Student community service to fight against hunger

T'Nerra Butler, Multicultural Editor

Larissa Kmetz, a junior sociology major, and Gretchen Butterfield, a sophomore biological sciences major, work with the Hunger action team and hand out plates for students to  decorate to send to the Wesley Foundation Food Pantry every Thursday of November in Bridge Lounge of the Martin Luther King Jr. University Union. With each plate decorated a dollar is donated to the food pantry.
Submitted Photo
Larissa Kmetz, a junior sociology major, and Gretchen Butterfield, a sophomore biological sciences major, work with the Hunger action team and hand out plates for students to decorate to send to the Wesley Foundation Food Pantry every Thursday of November in Bridge Lounge of the Martin Luther King Jr. University Union. With each plate decorated a dollar is donated to the food pantry.

Students can participate in weekly events geared toward battling hunger during the month of November.

The student community service office will be hosting these events until Thanksgiving break, with specific days focusing on how to fight hunger issues in surrounding areas.

The events include “Cookies for a Cause,” “Hot Dog Stand,” “Paper Plate Advocacy” and other programs to bring awareness to hunger.

“Cookies for a Cause” will at 10 a.m. this Tuesday and on Nov. 17th across campus.

The “Hot Dog Stand” will be at 11 a.m. this Wednesday and on Nov. 18 in the South Quad.

_MG_7790Michael Gillespie, a professor of sociology and anthropology, said one thing people should be aware of is food insecurity, which is not hunger but the risk that a person does not know where his or her next meal is coming from.

Gillespie said the idea is to have an advocacy and educational component to these programs.

He said many see the problem of hunger among Eastern’s faculty and staff.

“We have people who work here who get pay checks who still draw on things like food stamps or visit food panties once a month,” Gillespie said. “ They sometimes go a couple times a month just to help make ends meet.”

Many are not aware of some the staff who are working on campus not making enough to put together a meal, Gillespie said.

He said the reason they decided to go with November was because of the holidays.

Gillespie said it is also a time when families begin to struggle financially.

A group inside the student community services office called the Hunger Action Team will be at the Bridge Lounge in Martin Luther King Jr. University Union giving out plates.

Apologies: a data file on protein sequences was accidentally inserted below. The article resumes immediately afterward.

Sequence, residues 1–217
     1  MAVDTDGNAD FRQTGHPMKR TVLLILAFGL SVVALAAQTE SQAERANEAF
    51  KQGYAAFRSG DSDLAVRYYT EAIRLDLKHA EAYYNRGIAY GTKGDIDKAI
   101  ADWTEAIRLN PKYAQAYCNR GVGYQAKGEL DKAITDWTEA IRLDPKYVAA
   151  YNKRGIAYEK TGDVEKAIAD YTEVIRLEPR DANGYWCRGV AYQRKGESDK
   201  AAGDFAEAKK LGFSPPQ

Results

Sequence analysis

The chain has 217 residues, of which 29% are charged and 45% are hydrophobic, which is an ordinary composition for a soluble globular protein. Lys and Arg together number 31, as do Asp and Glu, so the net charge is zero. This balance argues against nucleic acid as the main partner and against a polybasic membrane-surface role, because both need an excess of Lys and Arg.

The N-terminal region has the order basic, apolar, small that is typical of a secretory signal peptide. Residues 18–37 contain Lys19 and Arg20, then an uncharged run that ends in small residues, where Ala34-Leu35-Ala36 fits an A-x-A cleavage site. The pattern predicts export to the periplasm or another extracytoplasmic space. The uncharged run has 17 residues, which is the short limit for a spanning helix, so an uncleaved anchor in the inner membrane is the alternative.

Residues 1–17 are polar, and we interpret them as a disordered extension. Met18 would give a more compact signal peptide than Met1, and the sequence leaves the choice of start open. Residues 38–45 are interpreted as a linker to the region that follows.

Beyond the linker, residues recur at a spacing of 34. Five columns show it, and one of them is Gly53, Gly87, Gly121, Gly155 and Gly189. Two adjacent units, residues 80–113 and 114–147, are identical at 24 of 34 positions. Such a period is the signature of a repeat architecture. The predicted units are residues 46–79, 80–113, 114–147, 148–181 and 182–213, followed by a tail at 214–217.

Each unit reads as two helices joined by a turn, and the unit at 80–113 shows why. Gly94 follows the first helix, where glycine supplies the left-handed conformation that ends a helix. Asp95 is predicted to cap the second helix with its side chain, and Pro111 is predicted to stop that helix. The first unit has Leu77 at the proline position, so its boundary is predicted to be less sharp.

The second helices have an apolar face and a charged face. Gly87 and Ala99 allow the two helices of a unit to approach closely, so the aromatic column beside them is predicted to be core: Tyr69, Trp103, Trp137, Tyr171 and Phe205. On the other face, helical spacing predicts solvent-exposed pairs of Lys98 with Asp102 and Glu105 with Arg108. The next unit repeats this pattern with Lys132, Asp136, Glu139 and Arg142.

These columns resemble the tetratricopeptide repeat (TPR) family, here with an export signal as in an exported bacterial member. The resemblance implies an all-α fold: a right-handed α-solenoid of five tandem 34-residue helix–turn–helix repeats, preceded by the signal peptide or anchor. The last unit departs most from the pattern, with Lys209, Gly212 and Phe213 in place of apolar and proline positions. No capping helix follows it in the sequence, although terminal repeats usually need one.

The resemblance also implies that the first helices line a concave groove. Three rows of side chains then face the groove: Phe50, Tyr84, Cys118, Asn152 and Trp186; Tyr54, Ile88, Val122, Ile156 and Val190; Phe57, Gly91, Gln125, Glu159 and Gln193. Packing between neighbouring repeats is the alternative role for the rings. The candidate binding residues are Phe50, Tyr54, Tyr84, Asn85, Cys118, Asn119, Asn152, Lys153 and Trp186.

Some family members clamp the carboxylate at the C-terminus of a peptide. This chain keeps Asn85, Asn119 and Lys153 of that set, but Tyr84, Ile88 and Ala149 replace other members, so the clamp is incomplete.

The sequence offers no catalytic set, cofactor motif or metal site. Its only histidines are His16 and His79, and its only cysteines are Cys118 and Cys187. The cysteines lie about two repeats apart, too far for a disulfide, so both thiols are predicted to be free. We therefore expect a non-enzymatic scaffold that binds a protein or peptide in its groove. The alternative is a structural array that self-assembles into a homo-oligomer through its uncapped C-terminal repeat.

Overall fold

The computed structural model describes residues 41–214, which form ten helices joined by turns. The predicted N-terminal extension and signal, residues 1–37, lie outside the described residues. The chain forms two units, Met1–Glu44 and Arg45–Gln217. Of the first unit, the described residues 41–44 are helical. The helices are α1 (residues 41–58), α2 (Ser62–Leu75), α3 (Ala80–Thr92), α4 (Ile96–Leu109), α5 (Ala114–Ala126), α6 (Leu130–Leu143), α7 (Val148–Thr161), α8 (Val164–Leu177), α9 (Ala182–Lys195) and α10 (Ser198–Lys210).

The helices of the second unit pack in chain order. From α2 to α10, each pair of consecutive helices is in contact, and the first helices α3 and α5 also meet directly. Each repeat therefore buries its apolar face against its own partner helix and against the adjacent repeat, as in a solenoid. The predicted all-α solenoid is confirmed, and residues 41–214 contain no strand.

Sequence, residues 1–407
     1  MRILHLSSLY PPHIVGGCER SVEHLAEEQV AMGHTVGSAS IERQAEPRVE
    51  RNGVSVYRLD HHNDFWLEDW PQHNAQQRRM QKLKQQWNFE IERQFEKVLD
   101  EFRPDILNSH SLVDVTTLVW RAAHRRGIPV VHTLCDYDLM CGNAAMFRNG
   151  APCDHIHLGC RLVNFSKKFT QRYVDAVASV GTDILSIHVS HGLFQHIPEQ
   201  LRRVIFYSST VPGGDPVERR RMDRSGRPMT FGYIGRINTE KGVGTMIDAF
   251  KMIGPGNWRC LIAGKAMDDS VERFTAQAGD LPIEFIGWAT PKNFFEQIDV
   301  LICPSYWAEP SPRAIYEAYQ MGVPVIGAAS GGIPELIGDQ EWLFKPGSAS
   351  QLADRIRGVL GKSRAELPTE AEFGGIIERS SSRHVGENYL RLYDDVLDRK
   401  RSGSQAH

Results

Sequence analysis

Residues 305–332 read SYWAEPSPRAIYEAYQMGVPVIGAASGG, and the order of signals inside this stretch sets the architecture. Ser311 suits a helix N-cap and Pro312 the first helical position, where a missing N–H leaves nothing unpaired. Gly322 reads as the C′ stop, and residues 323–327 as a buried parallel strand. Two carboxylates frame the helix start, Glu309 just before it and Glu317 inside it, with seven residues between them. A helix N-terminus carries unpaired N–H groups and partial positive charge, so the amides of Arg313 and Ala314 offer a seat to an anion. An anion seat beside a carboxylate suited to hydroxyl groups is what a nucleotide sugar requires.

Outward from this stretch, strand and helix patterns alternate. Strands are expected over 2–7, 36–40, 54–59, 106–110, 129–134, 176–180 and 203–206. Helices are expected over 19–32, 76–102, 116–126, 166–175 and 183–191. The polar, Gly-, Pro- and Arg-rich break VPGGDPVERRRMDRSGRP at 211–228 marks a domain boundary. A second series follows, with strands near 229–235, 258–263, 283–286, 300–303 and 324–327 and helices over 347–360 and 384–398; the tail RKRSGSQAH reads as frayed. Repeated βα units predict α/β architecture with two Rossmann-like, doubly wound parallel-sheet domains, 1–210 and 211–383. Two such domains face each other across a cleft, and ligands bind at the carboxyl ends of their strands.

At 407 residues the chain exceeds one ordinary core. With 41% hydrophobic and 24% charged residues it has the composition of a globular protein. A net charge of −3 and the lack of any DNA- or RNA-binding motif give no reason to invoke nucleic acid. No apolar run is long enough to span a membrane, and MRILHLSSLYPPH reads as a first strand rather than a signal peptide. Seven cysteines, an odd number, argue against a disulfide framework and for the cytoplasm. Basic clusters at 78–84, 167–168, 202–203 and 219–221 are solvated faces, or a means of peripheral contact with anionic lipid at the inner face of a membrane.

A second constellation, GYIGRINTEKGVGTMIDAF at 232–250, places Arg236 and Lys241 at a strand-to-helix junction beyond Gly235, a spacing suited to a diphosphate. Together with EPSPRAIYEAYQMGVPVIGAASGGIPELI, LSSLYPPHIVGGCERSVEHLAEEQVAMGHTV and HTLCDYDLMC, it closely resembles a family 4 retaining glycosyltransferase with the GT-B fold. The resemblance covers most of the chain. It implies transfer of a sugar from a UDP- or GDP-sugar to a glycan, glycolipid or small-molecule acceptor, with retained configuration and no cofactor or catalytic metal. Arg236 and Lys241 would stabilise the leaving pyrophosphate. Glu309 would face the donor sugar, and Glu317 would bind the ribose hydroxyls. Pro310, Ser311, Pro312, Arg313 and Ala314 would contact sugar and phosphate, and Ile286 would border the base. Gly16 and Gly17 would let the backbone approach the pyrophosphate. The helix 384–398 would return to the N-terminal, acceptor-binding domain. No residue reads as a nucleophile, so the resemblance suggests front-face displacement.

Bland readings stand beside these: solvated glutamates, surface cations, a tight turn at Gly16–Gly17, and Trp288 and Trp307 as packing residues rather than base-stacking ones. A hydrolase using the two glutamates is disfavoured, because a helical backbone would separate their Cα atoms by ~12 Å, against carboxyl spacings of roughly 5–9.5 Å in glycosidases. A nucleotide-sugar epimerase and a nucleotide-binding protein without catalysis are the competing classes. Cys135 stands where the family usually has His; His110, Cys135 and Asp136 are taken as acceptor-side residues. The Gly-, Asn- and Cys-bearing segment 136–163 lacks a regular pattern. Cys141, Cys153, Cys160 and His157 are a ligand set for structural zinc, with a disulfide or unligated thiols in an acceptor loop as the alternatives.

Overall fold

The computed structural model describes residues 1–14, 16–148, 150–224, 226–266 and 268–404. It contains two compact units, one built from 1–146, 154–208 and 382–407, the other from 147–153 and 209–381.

People can decorate the plates and every plate becomes a $1 donation to the food pantry.

“Paper Plate Advocacy” will be at 10 a.m. this Thursday and on Nov. 19.

Profits will go toward the food pantry, which has collaborated with the Wesley Foundation.

The plates carry messages or facts and will be displayed across campus.

The food pantry is offered to anyone on campus with a Panther Card.

The food pantry is open the second Wednesday of every month.

People can go in and get food to stock their dorms or their homes if they stay off campus.

“Wherever our students come from, they come here and have at it with the community to maintain that community through service,” Gillespie said.

Gillespie said not many people are digging into the hunger situation surrounding Coles County.

“I dug and found out the poverty levels in this county is the highest in the region including places like Champaign County,” Gillespie said. “We realized that this was something that the students and other volunteers could get involved in.”

Kelsi Grubisich, a graduate assistant in student affairs, said the Hunger Action Team has a plan of raising $1,500 in the month of November.

“Volunteering saves all the agencies that we work with $20 a hour that they would have to pay an employee,” Grubisich said. “That gives an insight as to what volunteering really is.”

Larissa Kmetz, a junior sociology major, said many people do not know what is going on when it comes to the hunger situation and these events heighten people’s senses and opens their eyes.

“You can’t fix the whole world, but you can make your own school or your own community better and this is the way to do it,” Kmetz said.

Gillespie said they plan to revisit the hunger situation in the spring semester and come up with a poverty simulation.

He said they plan to have a poverty simulation for a couple hours to experience what it is like to be on welfare or get food stamps.

According to Gillespie’s research, 42.5 percent of individuals in the total population, 31.5 percent of all families and 46. 5 percent of families suffer from food insecurity.

“Hopefully people will see this and do as I say, which is get there boots on the ground and get dirty to help fight the of hunger in this area,” Gillespie said.

 

T’Nerra Butler can be reached at 581-2812 or [email protected]